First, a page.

The Tell: Here’s what stock-market investors may have wrong about ESG as the great rotation unfolds, says BofA


Funds focused on environment, social and governance criteria may be better off than many think when it comes to benefiting from the rotation into value stocks, according to a BofA Global Research report.

“One critique of ESG investing is that it tends to favor growth stocks at the expense of value-oriented sectors,” Savita Subramanian, an equity and quant strategist at Bank of America, said in a research note dated April 1. “But our analysis of US-domiciled ESG fund holdings presents a different picture.”

BofA found that ESG funds are overweight industrials, materials and real estate relative to the S&P 500 index
“with significantly more exposure to these pro-cyclical sectors than mutual funds broadly,” according to the note. ESG funds have meanwhile avoided growth-oriented, communication services stocks, Bank of America found.

Long-only fund investment managers generally have been moving into value-oriented sectors, boosting bets on financial and energy companies in recent months while trimming weightings to growth-oriented, technology and communication services sectors, according to BofA. Value stocks trounced their growth counterpart in the first three months of 2021 after suffering a decade of ineptitude.

For example, the Russell 1000 Value

fund rose nearly 12% in the first quarter, compared with a 2.4% gain for the Russell 1000 Growth index
FactSet data show.

ESG funds may be poised to benefit from a further rotation into value, as they remain “significantly underweight” energy and utilities even after increasing their exposure to these areas in recent months, the bank’s research notes shows.

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Clean-energy valuations have meanwhile soared over the past few years, with renewables surging on investor enthusiasm for the future of the industry, according to JPMorgan Chase & Co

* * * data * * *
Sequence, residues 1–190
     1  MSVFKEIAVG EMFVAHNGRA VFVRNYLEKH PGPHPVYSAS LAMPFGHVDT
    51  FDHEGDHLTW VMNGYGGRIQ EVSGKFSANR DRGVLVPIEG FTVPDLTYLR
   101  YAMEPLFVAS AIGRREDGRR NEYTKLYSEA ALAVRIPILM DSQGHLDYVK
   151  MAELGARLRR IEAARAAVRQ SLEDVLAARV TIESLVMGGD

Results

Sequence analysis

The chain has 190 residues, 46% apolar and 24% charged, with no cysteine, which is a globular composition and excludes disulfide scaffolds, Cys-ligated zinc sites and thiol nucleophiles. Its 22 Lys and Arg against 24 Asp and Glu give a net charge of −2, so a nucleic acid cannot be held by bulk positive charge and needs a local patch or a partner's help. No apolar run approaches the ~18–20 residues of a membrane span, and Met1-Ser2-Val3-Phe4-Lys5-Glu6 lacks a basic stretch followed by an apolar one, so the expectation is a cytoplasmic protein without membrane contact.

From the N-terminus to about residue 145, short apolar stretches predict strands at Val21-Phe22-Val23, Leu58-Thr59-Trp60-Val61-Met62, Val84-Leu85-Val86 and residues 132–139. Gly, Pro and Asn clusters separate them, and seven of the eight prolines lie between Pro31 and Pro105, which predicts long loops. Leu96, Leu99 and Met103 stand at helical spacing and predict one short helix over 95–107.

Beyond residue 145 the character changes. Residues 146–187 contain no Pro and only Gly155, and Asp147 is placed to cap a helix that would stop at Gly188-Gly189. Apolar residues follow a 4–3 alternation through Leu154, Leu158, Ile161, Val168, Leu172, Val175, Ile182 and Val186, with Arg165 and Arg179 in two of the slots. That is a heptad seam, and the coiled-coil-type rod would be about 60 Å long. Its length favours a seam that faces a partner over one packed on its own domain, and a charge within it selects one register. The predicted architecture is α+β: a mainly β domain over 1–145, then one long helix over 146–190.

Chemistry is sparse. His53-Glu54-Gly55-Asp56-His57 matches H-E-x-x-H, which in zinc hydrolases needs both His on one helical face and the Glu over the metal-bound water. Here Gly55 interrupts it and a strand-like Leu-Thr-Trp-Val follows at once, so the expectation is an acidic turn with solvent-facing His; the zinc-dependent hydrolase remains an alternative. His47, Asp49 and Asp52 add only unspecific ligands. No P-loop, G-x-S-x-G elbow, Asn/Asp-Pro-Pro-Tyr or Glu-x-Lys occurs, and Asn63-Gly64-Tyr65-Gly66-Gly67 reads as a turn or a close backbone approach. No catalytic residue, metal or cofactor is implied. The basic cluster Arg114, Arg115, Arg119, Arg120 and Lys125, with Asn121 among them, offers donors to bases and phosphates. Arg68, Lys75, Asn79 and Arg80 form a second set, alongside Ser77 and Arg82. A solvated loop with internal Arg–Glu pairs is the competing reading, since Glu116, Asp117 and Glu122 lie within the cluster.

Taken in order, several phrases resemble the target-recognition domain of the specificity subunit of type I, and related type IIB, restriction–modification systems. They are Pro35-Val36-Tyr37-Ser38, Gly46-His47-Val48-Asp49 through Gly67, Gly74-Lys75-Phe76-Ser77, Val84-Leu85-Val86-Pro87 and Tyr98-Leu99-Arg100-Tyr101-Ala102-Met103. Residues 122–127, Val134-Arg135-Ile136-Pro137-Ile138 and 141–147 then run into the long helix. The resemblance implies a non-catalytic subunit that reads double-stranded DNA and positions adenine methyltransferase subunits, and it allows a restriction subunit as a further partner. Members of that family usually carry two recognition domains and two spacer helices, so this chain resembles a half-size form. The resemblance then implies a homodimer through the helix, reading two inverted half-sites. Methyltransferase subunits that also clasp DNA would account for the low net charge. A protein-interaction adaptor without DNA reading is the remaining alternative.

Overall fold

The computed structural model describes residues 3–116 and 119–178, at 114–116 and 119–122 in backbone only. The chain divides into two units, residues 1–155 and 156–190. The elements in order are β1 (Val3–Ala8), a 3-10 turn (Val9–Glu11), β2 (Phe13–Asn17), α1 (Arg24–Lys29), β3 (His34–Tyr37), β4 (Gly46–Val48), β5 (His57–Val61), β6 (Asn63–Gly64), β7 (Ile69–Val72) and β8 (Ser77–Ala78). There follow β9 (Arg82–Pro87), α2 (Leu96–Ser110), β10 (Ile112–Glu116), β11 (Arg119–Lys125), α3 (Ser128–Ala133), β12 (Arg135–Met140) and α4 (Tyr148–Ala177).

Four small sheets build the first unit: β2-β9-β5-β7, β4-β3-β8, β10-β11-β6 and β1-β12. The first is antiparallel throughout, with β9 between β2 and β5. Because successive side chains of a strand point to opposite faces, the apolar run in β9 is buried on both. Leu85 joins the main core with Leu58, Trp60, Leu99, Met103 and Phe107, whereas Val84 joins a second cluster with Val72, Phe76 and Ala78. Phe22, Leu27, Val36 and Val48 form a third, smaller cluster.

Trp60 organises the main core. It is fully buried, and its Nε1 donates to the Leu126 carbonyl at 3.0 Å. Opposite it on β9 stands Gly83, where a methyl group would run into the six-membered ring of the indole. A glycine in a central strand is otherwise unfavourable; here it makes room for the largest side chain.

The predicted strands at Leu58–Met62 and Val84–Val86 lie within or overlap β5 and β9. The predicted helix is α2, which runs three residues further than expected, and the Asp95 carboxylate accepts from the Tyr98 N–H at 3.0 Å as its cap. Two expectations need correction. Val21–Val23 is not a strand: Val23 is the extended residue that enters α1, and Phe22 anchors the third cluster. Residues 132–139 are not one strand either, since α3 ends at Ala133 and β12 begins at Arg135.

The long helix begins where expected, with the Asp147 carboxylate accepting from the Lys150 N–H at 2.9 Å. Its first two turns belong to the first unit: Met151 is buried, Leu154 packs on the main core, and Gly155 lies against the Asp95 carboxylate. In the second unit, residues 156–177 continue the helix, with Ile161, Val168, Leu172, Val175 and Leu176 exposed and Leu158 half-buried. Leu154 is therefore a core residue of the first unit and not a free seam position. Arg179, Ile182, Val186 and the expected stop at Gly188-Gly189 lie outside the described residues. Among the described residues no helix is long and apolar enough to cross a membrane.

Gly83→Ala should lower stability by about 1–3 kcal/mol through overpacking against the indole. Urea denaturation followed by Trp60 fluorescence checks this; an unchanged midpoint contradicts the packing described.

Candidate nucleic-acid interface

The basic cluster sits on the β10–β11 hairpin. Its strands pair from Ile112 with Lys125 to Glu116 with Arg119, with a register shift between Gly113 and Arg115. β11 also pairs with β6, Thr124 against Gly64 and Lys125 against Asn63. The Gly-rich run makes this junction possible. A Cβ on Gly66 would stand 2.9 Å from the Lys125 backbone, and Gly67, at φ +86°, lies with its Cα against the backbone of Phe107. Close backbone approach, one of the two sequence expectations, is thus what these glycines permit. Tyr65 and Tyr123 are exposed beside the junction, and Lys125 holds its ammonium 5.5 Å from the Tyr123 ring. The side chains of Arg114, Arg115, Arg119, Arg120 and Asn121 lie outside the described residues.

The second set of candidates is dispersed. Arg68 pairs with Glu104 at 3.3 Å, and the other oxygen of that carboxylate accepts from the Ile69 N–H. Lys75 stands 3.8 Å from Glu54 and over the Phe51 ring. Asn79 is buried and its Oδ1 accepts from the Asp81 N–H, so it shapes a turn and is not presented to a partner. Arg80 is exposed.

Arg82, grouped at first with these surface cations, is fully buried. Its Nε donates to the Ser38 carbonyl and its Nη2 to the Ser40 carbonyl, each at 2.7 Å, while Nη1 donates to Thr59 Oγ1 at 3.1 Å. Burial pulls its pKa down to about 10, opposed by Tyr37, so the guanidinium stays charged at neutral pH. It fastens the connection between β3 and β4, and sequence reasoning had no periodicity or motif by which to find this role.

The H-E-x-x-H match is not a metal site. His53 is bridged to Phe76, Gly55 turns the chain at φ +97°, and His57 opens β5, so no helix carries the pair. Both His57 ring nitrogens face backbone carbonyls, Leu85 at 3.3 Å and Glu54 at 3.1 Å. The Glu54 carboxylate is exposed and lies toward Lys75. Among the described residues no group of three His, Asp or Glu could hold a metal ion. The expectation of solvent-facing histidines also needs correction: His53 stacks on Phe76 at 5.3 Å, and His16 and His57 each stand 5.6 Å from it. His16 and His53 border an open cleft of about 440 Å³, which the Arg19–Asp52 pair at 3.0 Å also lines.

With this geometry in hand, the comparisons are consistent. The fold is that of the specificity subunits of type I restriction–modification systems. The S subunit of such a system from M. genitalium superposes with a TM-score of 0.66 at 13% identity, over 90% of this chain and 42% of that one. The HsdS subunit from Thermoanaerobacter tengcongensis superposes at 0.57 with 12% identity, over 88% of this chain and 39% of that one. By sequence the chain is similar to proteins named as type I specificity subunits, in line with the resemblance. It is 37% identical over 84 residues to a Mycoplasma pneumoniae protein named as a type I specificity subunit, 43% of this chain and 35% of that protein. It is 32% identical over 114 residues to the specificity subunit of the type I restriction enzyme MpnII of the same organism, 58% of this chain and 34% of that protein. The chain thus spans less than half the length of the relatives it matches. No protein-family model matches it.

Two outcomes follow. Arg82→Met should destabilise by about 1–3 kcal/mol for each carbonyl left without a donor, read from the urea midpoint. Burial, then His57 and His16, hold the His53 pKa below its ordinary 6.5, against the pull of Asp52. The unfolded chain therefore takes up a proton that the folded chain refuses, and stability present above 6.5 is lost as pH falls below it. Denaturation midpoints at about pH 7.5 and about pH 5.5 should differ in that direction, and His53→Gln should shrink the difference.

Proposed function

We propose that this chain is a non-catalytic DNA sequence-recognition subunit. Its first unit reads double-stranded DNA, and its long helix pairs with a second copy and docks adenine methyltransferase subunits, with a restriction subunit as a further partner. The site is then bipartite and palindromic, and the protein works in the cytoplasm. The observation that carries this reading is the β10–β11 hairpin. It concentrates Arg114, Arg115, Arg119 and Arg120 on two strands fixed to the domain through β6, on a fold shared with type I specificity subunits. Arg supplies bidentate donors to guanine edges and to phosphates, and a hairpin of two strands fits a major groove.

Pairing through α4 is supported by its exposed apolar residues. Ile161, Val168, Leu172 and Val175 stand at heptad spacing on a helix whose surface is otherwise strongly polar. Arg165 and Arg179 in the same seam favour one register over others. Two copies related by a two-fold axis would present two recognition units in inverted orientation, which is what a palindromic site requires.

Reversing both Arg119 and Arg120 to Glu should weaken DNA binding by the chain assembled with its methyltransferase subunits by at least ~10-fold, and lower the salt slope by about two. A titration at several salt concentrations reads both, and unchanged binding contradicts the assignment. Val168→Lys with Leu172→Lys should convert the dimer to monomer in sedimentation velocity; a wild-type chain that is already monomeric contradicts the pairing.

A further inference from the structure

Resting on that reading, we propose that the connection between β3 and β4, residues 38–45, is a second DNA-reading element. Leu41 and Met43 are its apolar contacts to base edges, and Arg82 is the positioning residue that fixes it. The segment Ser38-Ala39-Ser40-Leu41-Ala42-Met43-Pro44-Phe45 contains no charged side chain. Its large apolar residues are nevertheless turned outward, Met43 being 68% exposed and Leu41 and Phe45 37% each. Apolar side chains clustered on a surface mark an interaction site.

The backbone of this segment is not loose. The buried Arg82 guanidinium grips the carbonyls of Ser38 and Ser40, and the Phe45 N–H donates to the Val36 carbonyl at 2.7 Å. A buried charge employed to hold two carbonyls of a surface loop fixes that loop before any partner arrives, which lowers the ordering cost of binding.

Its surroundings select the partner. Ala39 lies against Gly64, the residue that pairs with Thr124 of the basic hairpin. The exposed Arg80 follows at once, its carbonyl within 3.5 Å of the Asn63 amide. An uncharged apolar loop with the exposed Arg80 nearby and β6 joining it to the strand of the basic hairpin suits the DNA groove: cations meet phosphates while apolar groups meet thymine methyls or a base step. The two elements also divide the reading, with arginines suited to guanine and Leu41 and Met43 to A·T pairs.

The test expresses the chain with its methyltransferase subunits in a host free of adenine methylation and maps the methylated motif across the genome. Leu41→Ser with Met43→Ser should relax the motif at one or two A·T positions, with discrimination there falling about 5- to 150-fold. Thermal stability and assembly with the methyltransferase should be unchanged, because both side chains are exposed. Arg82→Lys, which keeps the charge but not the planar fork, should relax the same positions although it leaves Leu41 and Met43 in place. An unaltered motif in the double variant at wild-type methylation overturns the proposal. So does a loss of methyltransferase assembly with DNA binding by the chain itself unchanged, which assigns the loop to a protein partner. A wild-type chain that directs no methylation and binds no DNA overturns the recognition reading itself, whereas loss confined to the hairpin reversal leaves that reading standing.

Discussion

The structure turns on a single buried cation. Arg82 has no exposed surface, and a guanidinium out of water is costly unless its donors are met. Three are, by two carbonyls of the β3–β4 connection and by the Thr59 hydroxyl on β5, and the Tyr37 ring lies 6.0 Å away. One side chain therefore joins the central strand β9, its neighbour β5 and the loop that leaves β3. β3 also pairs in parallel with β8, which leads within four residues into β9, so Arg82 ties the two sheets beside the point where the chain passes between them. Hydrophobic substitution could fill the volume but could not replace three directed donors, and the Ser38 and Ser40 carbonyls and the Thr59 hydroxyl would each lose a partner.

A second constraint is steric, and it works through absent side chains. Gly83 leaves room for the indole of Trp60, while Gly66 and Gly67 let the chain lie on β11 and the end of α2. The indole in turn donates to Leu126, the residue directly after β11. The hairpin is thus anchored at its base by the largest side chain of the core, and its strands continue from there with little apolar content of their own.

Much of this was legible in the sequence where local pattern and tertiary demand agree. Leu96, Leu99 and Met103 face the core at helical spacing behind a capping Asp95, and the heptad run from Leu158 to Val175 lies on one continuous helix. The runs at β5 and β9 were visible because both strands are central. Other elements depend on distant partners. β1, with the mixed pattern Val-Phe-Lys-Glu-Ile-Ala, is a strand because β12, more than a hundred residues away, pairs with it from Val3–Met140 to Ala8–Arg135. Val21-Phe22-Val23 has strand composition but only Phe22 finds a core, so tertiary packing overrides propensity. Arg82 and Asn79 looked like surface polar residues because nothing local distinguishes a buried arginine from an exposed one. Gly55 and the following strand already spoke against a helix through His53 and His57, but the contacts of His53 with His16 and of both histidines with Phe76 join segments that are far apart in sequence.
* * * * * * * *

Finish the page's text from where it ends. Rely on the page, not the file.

Renewable-focused ETFs have traded lower so far in 2021 but have enjoyed powerful gains over the past 12 months, with the iShares Global Clean Energy ETF

up over 160% on the year and the Invesco Solar ETF

boasting a nearly 270% return over the same period.

“Towards the end of last year, the sector just went bananas,” Michael Cembalest, chairman of market and investment strategy for J.P. Morgan Asset Management, said Friday in a phone interview with MarketWatch. “There’s a lot of speculation right now that the United States is on the brink of a catch-up” with Europe in terms of ESG, he said.

Renewable stocks in areas such as electric vehicles, solar, hydrogen and batteries have jumped since 2019, according to a J.P. Morgan Asset Management note from Cembalest on April 1.

“The last three years have really seen an enormous push by asset managers to bring more renewable energy companies onto their platforms and to give people more access,” he told MarketWatch Friday. Cembalest added “the SPAC market has expanded the opportunity for those companies to go public,” with a “disproportionate share of renewables” having gone public through mergers with special-purpose acquisition companies.

“The energy sector, maybe even more than tech, attracts futurists,” he said. “It’s a sector that attracts a lot of people who visualize massive secular changes taking place in short periods of time.”

J.P. Morgan Asset Management believes renewable stocks remain expensive even after the industry’s selloff in January, according to Cembalest. “I’m tempted to wait a little more,” he said on diving back into renewables. “There’s some interesting opportunities here, but you really have to let the froth subside.”

While President Joe Biden’s infrastructure plan stands to benefit from renewable energy, Cembalest expects some trade-offs will be made before a final bill is passed in Congress. Many investors began pricing in the impact of an infrastructure plan under the new administration as early as last year, but it is still too soon to make assumptions, he said.

Meanwhile, the U.S. jobs report Friday signaled the economy may be on track for a rapid expansion.

The U.S. added 916,000 new jobs in March, as restaurants and other businesses hired the most workers in seven months. The Labor Department said Friday that official unemployment declined to 6%, from 6.2%, though economists estimate true unemployment stands at more than 9% after accounting for Americans who have left the labor force after losing their jobs last year.

Read: U.S. gains 916,000 new jobs in March and signals strengthening economy

A strengthening economy generally bodes well for value stocks, according to Cembalest.

BofA strategists believe long-only fund managers may continue to rotate into value as “their tilts to industrials, financials, energy and materials sectors remain below historic averages.” The recent rise in traditional oil and gas stocks, which were hit hard during the height of the pandemic selling, reflects the recovery from COVID as energy demand returned, as well as the rotation back into value, Cembalest said.

He still sees “upside” in traditional energy and financials, but believes “a lot of the easy money has already been made.” Within renewable energy, Cembalest said “there needs to be some discipline” and suggested investors “check in” every six months on the expected “commercialization” of companies’ technologies.

“Investors get sloppy in renewable energy,” he said.

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